Gemini Court Holiday Apartments in Burleigh Heads on the Gold Coast recently completed a repaint of its exterior surfaces.
Gemini Court general manager Kris Racette said, “The old paint had been there for 10 years – which generally is the lifespan of an exterior repaint – and it was becoming chalky and many showed cracks and water damage.”
To conduct the repainting project, Mr Racette commissioned ANP. He said the first process was the cleaning of the surface to reveal any water damage or concrete spalling.
“The building was water blasted twice to clean the surface, then any areas showing signs of water damage were waterproofed with a waterproofing product, any areas showing concrete spalling the concrete were removed, the steel treated with rust inhibitor and reconcreted with higher strength concrete. Any cracks bigger than the thickness of a business card were ground out and filled with a flexible gap sealer.”
John Poole from ANP Painting said, “Every building on the Gold Coast (of a similar age to Gemini Court) will have some concrete spalling issues and Gemini Court was no different in that respect. There were some waterproofing issues that were addressed at the same time.
If a building is undergoing a repaint, it makes good economic sense to maximise the use of scaffolding and complete as much exterior work as possible.”
Once the surface had been prepared two coats of paint were applied.
Mr Racette said, “This process was done on one “drop” at a time so the swing stages only had to be moved to each location once.”
The exterior repaint project took five months.
Mr Poole said this was longer than expected due to some unforeseen issues uncovered.
“It would have been possible to shorten that time by allocating more men to the job but we then run the risk of over-running the building with tradesmen and the management at Gemini was still trying to run a business with minimum disruption. We take the approach that a longer time frame to complete the work with less men on site causes less disruption to the day to day running of the building and we have greater control of the finished job.”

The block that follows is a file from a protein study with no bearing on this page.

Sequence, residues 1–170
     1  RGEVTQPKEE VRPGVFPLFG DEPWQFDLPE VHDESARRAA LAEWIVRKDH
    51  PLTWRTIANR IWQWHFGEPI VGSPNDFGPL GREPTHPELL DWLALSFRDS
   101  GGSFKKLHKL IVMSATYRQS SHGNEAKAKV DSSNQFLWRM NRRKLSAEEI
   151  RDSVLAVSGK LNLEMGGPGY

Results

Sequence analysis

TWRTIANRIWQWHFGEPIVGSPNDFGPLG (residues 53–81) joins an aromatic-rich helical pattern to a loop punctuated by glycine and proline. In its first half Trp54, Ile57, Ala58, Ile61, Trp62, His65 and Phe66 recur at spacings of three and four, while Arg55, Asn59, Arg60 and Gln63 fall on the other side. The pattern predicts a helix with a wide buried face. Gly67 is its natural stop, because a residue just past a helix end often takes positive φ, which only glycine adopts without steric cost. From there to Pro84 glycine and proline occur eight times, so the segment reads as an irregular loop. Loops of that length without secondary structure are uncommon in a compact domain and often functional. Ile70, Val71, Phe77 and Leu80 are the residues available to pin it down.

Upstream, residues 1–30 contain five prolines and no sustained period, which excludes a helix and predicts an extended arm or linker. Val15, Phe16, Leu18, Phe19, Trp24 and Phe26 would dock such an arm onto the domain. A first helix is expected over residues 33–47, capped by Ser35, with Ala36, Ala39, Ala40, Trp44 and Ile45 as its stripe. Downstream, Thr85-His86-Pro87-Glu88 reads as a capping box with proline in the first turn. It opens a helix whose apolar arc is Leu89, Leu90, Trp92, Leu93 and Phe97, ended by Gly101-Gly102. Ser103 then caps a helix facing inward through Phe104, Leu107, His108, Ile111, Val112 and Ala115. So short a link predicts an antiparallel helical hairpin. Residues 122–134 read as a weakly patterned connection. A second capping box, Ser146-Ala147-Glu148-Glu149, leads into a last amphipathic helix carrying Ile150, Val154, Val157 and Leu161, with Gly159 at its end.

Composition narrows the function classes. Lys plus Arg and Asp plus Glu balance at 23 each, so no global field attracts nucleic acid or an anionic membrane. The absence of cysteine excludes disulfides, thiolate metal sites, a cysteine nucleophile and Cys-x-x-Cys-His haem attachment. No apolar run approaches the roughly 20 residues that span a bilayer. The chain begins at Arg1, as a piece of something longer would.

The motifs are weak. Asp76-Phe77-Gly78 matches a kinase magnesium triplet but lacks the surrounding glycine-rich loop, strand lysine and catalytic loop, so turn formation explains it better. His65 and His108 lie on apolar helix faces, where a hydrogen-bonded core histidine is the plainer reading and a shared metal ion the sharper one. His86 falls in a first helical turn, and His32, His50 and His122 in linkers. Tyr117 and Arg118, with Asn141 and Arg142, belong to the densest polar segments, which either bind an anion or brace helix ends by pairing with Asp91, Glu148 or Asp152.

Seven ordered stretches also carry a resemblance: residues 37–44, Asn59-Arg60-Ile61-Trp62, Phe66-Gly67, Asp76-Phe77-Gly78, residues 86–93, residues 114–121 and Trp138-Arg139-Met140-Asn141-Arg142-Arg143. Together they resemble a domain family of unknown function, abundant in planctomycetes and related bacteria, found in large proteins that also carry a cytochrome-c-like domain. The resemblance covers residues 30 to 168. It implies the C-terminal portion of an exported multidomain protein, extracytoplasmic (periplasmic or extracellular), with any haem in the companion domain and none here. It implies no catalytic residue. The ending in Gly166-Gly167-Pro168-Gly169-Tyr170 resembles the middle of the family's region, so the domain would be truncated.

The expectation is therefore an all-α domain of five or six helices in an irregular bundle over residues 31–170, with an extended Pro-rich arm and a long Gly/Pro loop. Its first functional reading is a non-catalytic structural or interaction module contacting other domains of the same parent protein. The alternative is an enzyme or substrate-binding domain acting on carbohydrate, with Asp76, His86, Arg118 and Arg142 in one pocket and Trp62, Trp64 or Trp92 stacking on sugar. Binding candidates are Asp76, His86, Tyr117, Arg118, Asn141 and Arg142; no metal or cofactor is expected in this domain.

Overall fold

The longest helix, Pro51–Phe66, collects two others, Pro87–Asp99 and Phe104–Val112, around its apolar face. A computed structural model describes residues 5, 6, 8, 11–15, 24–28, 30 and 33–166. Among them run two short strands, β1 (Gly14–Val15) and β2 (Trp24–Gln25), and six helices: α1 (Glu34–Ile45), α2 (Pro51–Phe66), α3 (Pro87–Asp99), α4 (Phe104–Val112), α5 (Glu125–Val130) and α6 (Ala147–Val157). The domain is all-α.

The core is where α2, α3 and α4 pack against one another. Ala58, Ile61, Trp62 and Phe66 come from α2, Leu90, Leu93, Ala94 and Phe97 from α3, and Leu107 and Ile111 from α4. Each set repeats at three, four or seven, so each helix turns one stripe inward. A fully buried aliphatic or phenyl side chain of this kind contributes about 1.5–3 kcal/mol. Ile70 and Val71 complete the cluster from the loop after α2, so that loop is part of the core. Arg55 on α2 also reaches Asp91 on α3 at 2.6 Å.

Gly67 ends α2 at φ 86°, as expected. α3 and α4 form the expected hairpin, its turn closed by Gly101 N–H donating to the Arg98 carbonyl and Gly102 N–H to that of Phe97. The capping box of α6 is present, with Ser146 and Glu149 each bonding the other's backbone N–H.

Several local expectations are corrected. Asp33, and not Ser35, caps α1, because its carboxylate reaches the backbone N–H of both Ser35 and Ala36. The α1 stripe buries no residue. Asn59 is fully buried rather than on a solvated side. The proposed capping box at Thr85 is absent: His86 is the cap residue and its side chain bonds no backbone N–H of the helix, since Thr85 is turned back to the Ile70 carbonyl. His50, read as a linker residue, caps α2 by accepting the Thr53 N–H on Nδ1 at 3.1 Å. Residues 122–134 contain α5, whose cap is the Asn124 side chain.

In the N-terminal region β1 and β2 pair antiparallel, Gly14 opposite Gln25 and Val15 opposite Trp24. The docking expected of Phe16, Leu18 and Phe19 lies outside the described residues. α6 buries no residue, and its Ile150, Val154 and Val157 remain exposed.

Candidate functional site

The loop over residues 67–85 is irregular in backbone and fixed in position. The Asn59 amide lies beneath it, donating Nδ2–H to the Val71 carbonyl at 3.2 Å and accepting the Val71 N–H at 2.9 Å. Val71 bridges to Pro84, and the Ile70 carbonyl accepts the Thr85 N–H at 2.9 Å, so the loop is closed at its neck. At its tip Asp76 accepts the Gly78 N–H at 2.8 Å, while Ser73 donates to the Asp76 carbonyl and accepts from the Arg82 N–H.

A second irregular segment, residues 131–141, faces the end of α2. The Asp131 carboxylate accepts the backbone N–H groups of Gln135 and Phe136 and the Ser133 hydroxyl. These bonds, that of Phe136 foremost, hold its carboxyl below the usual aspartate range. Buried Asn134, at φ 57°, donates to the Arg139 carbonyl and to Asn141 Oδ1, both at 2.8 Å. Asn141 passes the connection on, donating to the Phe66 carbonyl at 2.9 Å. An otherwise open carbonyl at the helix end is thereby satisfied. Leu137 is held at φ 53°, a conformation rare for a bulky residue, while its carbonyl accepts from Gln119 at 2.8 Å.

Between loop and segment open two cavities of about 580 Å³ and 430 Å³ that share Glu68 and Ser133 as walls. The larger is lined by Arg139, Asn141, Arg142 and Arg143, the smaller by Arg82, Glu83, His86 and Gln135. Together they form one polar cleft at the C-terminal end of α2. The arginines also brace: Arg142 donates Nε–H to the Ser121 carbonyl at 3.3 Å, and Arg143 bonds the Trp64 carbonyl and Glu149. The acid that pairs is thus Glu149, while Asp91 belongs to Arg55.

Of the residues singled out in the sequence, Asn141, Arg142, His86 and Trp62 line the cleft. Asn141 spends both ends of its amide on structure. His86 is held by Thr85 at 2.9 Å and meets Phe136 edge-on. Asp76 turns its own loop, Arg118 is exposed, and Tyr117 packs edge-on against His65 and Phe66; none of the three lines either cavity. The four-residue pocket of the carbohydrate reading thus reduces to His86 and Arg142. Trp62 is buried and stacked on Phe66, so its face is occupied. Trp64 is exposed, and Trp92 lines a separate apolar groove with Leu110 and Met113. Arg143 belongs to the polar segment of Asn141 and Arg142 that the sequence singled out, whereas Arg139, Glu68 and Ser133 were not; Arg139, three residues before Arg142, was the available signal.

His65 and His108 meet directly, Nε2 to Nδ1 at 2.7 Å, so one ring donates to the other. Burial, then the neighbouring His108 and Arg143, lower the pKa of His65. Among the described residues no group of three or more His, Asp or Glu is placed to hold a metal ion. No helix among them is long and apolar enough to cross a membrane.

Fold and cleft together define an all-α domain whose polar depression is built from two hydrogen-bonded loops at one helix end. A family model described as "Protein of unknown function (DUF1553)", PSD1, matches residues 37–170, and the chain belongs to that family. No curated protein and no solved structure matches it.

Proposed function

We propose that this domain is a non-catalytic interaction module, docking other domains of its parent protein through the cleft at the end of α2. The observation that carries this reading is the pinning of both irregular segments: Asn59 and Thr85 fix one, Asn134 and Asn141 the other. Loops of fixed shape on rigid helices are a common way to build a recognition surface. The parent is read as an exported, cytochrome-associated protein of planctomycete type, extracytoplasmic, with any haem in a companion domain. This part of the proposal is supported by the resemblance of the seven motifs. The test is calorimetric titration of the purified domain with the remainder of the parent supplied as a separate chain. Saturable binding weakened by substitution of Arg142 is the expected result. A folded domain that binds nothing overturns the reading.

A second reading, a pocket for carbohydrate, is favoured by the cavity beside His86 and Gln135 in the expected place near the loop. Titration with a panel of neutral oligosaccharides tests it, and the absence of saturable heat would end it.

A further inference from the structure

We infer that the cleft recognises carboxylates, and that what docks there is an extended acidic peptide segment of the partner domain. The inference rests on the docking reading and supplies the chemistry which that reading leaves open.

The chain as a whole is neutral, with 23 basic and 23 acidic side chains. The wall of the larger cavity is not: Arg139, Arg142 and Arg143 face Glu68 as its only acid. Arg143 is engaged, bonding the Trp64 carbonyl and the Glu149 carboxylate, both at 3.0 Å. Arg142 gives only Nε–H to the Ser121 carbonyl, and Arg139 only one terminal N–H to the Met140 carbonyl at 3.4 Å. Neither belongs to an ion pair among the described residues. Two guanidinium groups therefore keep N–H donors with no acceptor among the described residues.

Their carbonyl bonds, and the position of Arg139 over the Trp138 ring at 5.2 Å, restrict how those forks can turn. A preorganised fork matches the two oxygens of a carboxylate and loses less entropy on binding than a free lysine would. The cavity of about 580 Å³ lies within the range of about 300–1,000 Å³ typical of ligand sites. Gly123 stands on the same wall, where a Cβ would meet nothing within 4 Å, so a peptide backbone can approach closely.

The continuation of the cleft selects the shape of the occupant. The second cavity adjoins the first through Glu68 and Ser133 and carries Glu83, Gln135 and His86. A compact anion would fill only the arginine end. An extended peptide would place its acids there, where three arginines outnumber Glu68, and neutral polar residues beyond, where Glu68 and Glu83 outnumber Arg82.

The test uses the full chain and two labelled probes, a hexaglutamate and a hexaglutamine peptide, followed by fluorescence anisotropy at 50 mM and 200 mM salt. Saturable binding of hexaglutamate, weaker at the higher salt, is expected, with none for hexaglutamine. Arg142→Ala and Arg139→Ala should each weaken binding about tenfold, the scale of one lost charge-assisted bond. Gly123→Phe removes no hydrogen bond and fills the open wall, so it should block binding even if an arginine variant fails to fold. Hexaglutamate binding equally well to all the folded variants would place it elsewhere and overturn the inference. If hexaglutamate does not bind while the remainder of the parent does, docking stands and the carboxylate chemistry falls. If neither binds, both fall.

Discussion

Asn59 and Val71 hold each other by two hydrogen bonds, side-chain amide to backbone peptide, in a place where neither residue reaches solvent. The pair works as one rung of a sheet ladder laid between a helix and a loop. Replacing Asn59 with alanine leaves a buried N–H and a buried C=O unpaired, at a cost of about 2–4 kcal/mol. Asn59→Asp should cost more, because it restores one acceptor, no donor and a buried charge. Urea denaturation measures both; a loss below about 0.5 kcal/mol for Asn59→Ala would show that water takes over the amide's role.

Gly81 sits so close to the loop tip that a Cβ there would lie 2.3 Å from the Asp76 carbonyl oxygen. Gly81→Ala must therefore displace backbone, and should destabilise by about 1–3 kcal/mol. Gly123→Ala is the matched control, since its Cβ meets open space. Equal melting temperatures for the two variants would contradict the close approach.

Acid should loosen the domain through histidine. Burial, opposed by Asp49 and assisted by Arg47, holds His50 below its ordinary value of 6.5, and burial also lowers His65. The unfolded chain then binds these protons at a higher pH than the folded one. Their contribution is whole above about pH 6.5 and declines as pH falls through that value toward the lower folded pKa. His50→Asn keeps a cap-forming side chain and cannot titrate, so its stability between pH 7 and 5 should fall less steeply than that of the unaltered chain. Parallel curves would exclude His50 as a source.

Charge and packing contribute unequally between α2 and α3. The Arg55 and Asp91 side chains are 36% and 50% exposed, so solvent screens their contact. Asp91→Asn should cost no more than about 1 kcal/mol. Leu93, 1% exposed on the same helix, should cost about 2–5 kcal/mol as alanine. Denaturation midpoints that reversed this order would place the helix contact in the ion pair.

Gemini Court – After.
The other issue ANP Painting had was the changes in exclusion zone regulations under the new Workplace Health and Safety Act 2008 released on 1 September 2008 (see below article).
Mr Poole Said, “Prior to the new regulations, repainting an existing building was not classified as a construction site but now it is. So all the rules and regulations that need to be adhered to when building a new complex now affect repainting an existing building. When building a new complex, there aren’t any residents but there certainly are when you repaint an existing building.”
Under part 20 Construction of the Workplace Health and Safety Act 2008 exacting risk management requirements must be complied with.
Mr Poole said, “The area of restriction underneath our work area is now roughly 1m out from the base of the building for every 3m of building height. If we are painting a 30 storey building (at approx 2.6m per storey) we have to exclude everyone for a distance of 26m out from the base of the building. It also should include anyone going out on their own balcony while we are working either above or below them.
“Once again, not a problem if no one is living in the building while it is being built but imagine the impact a restriction like that could have on a building with a large proportion of tourists.
Nobody should be against attempts to improve safety of our workers or the public but the restrictions come at a financial cost to someone.”
In terms of how these new restrictions affected the exterior painting project of Gemini Court, Mr Poole said, “The major impact was a massive increase in costs followed by the time taken to complete the job. In some cases we have seen prices for scaffolding a building increase by 50-60%.”
For Mr Racette, the new legislation created delays and increased the cost of the project.
“The restrictions initially delayed the project. The body corporate voted to approve the painting, then the restrictions came in and we were advised of the increase in cost. The owners had to meet again to approve the new cost before proceeding. It delayed the length of time the project took as extra steps had to be taken to ensure compliance.
“It also closed areas of the building due to exclusion zones within a 15m radius of where the contractors were working including closing the pool for two months. This impacted on business as guests expect to be able to use the facilities. We overcame this partially by opening the pool in the afternoons after the contractors stopped work around 3pm but in February/March this still wasn’t good enough for many guests.
“Also balconies became exclusion zones while the tradesmen were working in the vicinity.